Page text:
It is not every day that a 23-year-old claims top spot with a total of ten championship titles and twenty-five first prizes from a sole commercial heifer. That is one heck of a way to round off show scene 2016.
If boasting such an achievement isn’t enough, imagine taking home the most prestigious prize in the history of commercial beef championships, the AIB National Livestock Show Commercial Cattle Senior Championship title at the age of twenty-two with a heifer that you purchased as a weanling.
Well, that is the case for Moate, Co. Westmeath based Michael Martin, an admirable fourth-generation farmer.
The immense success which has really put Michael’s herd on the map has been brought about by the exceptional ‘Chancey Lady’ a commercial heifer boasting strings of championship titles under her belt.
The Limousin X Belgian Blue ET, Ampertaine Foreman daughter will celebrate her second birthday at the end of this month and has achieved what could be deemed as a lifetime of success, in such a short period of time. She was purchased as a weanling from a highly renowned commercial herd and Michael has brought her right to the top.
‘She’s been a real winner for me so far. She’s just after being flushed and won’t be leaving Moate anytime soon. Chancey Lady is in her forever home. She’ll die with me I’m afraid. I hope she will breed more champions, who knows’. Michael explained.
The show topper is only one of several commercial cattle that young Mr. Martin has taken to the show ring, all of which have become household names, with another heifer ‘Lucy’ with CF52 and BYU bloodlines proving to be making her mark also, by fetching champion ribbons at Tullamore National Livestock Show.
‘It takes quite a while from the time you breed them or buy them to the time you show them, but it is all worth it at the end of the day. From feeding to foot-trimming to general husbandry, it’s time-consuming and requires effort, but it’s worth it. At least it has been for me. Nothing beats winning with a heifer that you turn out yourself for a show!’ Michael said to That’s Farming.
Only in his early twenties, Michael has a rather phenomenal story to tell and has built up quite a reputation for himself, with his success in the show scene circles only accounting for a fraction.
From a tender age, Michael knew that a career in Agriculture was his calling.
The young farming enthusiast currently is in a farm-partnership with his grand-father Andy McLoughlin and is operating a rather remarkable Agricultural enterprise.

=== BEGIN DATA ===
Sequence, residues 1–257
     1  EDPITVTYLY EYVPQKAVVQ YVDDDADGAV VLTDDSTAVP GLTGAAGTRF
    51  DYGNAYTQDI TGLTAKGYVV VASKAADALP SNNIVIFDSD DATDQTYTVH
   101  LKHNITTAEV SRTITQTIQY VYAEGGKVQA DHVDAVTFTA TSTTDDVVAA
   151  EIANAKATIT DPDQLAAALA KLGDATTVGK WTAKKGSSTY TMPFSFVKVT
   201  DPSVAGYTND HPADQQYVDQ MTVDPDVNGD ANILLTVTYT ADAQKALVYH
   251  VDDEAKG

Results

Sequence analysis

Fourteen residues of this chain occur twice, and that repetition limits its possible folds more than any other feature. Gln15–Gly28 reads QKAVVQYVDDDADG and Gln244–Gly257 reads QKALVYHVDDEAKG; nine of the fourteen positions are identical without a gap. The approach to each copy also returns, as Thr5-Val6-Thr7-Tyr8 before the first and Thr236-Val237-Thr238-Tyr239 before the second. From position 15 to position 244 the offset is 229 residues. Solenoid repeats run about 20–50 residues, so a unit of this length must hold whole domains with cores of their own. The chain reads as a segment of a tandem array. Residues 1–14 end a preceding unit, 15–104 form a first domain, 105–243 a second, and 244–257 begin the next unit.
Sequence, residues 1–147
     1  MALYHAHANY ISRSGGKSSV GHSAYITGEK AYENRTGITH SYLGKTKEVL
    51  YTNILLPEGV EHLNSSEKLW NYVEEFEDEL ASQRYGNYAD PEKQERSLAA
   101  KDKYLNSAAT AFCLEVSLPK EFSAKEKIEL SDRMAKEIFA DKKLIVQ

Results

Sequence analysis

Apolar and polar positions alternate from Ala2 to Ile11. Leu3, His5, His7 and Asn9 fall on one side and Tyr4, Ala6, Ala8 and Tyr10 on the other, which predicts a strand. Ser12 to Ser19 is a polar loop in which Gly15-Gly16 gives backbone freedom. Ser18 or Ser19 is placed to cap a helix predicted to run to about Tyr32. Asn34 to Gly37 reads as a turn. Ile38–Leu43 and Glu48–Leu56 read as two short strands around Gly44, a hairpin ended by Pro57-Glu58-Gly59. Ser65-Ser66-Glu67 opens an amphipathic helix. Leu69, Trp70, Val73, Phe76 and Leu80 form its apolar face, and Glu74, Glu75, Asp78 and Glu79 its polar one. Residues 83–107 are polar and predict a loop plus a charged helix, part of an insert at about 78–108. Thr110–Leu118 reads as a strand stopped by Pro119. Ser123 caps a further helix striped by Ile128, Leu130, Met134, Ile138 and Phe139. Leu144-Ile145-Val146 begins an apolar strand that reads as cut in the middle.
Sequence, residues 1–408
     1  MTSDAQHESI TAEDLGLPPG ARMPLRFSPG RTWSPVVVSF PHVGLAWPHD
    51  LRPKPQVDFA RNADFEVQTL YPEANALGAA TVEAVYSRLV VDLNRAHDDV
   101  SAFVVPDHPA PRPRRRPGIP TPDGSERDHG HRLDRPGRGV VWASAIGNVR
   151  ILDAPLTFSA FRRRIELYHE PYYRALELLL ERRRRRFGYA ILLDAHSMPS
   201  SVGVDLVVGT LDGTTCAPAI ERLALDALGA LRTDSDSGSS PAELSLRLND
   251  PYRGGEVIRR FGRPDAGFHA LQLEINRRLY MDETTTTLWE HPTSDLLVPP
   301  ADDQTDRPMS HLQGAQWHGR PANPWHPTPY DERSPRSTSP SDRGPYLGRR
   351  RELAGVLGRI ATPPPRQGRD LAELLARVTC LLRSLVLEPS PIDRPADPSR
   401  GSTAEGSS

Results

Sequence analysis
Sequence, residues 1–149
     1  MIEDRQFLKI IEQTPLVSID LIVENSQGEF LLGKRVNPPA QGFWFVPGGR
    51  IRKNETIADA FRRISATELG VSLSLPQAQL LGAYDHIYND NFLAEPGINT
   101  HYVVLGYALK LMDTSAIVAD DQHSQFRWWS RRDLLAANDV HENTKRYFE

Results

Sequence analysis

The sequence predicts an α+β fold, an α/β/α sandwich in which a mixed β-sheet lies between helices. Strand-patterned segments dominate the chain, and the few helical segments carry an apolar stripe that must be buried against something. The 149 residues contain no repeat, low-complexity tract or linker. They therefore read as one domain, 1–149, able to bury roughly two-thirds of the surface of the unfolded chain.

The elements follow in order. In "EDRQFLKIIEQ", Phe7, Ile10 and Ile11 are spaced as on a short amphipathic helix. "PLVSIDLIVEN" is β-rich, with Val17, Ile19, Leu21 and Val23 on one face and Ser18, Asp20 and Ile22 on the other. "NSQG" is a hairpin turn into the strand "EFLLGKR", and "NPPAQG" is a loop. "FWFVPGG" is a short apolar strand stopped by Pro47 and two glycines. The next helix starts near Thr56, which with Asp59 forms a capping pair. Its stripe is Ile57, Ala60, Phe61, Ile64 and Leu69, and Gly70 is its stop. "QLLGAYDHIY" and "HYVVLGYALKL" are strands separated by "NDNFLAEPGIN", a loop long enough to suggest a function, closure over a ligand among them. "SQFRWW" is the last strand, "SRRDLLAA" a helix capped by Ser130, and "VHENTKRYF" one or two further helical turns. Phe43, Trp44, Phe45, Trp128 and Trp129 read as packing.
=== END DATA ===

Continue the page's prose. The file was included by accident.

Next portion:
Ranging from a beef drystock and sheep unit to a sucker herd and selling over two-hundred and fifty calves a week through a livestock trading company with his uncle, Michael is no stranger to a busy schedule and there is most certainly no turning back the clock now.
When Michael is not pre-occupied with his other commitments, he finds himself filling the shoes as a Junior Procurement Manager with Liffey Meats LTD, Ballyjamesduff, Co. Cavan.
Graduating with a Level 8 degree in Agriculture and Environmental Science from Galway-Mayo Institute of Technology in 2016 opened up this opportunity and simultaneously provided him with a Green-Cert qualification.
While the Westmeath farmer has been lucky in terms of establishing his farm with the valuable support of his grandfather, he notes that access to land, financial aid and availability of grants are just three of several roadblocks that can be encountered.
‘I’ve been lucky so far, unlike some. I’m not renting land at the moment. When the time comes for me to expand and purchase land it may be a challenge. Where I am based, there is no access to land. It’s just not there.’ Michael said.
Despite this, Michael applied to the National Reserve in 2016 and he is still waiting for the finalisation of his application, which was delayed as a result of several issues.
‘Farming is challenging there is no doubt. Part-time seems to be an option for many. The world population is growing and we are always going to need farmers. Profit margins are tight and unfortunately, there are numerous things going against farmers at the moment. It’s all down to money at the end of the day, if we are going, to be honest about it.’ He added.
Despite the fact the Westmeath based twenty-two year- old has celebrated superb milestones ever since emerging into the farming world, he doesn’t plan on stopping in his tracks just yet, with endless ideas circulating in the pipeline.
‘I’d like to expand the drystock aspect of the farm, anything up to turning out two-hundred cattle, with my show cattle on the side of that. I am really happy in my current role, where I am gaining invaluable experience. So we will see what will happen! ’ Michael concluded.